Russo pointed out that a study released by the Center for Disease Control and Prevention soon after the New York state research found that the vaccine was more protective in the 5-11 age group. "Regardless, both studies demonstrated that vaccination protected against severe disease and hospitalizations," he said. "As we are entering into a maskless phase, vaccination is more important than ever to protect our children from the consequences of COVID." Russo urges parents whose children are unvaccinated to consider having them continue to wear masks in school until their local case counts drop to lower levels and to "get them vaccinated ASAP."
Adalja also stressed that the vaccines are working, even in this age group. "Pediatric vaccines provide significant protection against what matters: serious illness," he said. "Omicron was expected to diminish vaccine efficacy."
Schaffner suggested that parents pay close attention to what is happening with COVID-19 cases in their area. "If your child is fully vaccinated, then your level of concern can diminish," he said. "But, if local COVID-19 cases are high, your level of concern should be higher as well." Schaffner also notes that new CDC guidance recommends masking indoors in areas where transmission is high, regardless of vaccination status — and that includes masking in schools.
The NCAA releases new, looser guidelines for basketball teams ahead of March Madness
This week, the NCAA unveiled new guidelines for the Division I men's and women's basketball championships.
The guidance "encourages indoor masking" when athletes aren't practicing or competing, in their hotel rooms or eating or drinking, but notes that each team can create its own safety protocols, provided that they don't clash with local public health guidance.
The guidance said that athletes may be exempt from COVID-19 testing if they are fully vaccinated or have proof of a COVID-19 infection in the last 90 days. Those who aren't exempt have to show proof of a negative COVID-19 test before they travel to a tournament site.
However, the NCAA stated that local areas and venues may have more strict COVID-19 testing protocols.
Adalja said he believes it is acceptable for organizations to drop certain mitigation efforts as we move into a different stage of the pandemic. "COVID-19 is not going to be eradicated, and people have to realize that there are always going to be COVID-19 cases," he said. "Individual risk preferences are going to be what’s important for people, and they’re not going to be the same for everyone."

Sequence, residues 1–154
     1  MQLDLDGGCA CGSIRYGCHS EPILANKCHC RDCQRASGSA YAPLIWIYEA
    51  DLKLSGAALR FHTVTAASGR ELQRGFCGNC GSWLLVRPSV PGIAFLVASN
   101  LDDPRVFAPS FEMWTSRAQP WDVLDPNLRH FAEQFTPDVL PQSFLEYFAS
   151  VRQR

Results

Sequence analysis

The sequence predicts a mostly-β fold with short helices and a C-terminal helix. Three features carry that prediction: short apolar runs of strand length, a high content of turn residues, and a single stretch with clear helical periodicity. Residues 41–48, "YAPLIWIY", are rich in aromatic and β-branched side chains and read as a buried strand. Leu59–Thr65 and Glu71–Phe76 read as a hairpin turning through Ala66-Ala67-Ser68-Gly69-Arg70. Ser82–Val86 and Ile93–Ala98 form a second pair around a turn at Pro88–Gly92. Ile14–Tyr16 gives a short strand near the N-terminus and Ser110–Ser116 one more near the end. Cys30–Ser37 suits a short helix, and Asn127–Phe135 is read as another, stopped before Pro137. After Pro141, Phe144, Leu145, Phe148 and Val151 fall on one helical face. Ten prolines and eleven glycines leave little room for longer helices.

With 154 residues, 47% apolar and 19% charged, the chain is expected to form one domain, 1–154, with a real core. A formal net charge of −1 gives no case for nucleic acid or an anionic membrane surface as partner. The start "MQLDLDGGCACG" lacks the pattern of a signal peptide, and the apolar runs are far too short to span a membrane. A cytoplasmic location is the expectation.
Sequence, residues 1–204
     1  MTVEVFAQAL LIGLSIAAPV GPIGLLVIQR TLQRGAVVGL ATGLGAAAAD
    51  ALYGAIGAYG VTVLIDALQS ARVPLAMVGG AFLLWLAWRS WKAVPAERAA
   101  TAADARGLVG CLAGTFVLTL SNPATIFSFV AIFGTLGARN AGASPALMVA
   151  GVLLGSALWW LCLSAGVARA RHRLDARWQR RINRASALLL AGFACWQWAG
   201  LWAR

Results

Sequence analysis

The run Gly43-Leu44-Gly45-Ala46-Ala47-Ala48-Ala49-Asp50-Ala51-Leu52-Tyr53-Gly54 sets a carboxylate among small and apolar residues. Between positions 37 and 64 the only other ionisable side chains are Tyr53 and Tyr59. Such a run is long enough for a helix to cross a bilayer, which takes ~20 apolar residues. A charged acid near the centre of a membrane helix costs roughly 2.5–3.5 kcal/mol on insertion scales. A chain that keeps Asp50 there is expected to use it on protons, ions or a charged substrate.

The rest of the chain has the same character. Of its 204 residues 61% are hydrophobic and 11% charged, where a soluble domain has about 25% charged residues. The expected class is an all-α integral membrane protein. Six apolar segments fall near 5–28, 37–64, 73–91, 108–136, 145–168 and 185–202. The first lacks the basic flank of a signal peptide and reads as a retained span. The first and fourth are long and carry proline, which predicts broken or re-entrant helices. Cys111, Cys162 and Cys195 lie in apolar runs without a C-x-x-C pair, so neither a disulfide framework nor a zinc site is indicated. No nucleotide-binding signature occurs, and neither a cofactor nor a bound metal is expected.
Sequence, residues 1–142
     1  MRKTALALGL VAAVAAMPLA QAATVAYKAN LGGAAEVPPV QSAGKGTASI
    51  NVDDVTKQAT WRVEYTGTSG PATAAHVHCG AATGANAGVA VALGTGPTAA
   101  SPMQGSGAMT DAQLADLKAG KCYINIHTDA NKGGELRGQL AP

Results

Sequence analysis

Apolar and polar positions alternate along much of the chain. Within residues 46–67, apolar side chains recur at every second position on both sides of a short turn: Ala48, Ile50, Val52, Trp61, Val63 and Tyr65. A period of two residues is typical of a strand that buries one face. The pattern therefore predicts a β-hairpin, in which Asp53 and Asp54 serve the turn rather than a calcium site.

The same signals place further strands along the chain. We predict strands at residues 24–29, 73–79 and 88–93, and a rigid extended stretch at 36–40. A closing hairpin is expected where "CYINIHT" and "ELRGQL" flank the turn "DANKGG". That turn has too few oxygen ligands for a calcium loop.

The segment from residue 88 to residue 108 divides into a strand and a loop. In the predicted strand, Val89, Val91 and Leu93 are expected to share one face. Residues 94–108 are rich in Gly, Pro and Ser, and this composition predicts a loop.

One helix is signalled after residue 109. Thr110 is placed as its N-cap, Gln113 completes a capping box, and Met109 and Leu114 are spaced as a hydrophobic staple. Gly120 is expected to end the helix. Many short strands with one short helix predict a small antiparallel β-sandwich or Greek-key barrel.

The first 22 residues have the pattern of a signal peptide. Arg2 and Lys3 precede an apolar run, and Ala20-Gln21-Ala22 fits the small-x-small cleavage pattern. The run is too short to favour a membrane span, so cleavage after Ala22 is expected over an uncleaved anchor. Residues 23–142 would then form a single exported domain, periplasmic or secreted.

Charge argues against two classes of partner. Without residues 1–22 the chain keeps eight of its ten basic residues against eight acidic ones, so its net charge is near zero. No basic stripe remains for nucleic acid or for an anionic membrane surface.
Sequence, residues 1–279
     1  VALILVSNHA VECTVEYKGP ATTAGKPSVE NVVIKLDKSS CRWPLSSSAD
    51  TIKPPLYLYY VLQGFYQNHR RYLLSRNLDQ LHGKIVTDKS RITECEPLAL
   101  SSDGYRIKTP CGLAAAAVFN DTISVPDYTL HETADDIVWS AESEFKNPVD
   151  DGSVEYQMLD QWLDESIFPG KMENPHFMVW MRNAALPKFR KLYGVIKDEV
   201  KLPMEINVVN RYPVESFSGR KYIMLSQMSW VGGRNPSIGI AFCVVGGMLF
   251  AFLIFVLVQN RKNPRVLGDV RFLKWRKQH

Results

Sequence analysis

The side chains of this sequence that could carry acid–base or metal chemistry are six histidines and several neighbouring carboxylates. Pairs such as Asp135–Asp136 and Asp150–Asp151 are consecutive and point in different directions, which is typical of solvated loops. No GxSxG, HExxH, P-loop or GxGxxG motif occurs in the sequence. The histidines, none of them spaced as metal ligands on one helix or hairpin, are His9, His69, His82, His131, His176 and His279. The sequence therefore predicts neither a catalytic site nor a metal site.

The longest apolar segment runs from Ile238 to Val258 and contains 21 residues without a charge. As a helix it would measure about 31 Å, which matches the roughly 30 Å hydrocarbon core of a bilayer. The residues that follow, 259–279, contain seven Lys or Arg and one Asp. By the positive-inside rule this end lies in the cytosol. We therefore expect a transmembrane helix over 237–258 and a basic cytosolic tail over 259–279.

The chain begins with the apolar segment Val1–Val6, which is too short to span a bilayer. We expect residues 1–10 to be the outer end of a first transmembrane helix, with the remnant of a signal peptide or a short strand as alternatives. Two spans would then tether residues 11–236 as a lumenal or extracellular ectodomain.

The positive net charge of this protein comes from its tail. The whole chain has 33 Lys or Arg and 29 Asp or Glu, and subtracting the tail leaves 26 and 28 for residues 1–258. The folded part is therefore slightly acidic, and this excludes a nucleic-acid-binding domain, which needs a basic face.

Russo, however, warned that "outbreaks could still occur." That's the reason why, he says, that "from both a public health perspective and to maintain your competitive edge, the best practice would be to minimize the risk of your players getting infected," including having players be fully vaccinated and boosted, if eligible, and to use high-quality, well-fitting masks in high-risk indoor settings like locker rooms.
Kansas school district uses therapy dogs to help students cope with COVID-19 stress
Kansas's Topeka Public Schools district has found a unique way to help students cope with the stress of living through a global pandemic: therapy dogs.
Superintendent Tiffany Anderson told Yahoo Life that the district has actually used therapy dogs for years, but ramped up the number of its four-legged staff members in the pandemic. "We have grown to ensure almost every school for our 13,100 students has access to a therapy dog at their school site," she said.
"It has really been amazing," Anderson said. "Therapy dogs have helped to reduce anxiety and [allow] for young people to connect with another living being that's different from adults or another classmate. It allows for stability."
Anderson said the dogs "can be deployed to a particular student who is having a meltdown" or can be used during a "check and connect" with a student's counselor or social worker. "Throughout the day, the therapy dog can walk through the classrooms," she said, noting that staff members all have walkie-talkies that can be used to call for a dog as needed.
The district has even used therapy dogs at school-sponsored vaccination clinics to help ease anxiety, Anderson says.
When they're not at school, therapy dogs will typically live with a staff member who agrees to be responsible for them, Anderson says. The district doesn't just use animal therapy — it also offers art and music therapy to students who are not comfortable with dogs. "We have a variety of approaches that, no matter where you are, we will meet you," Anderson said.
Anderson said that the dogs have proven their worth and that the district "absolutely" plans to continue to use them. "Animals just love on you," she explained. "They can sense your mood, and there's just an automatic willingness to help."
Want lifestyle and wellness news delivered to your inbox? Sign up here for Yahoo Life’s newsletter.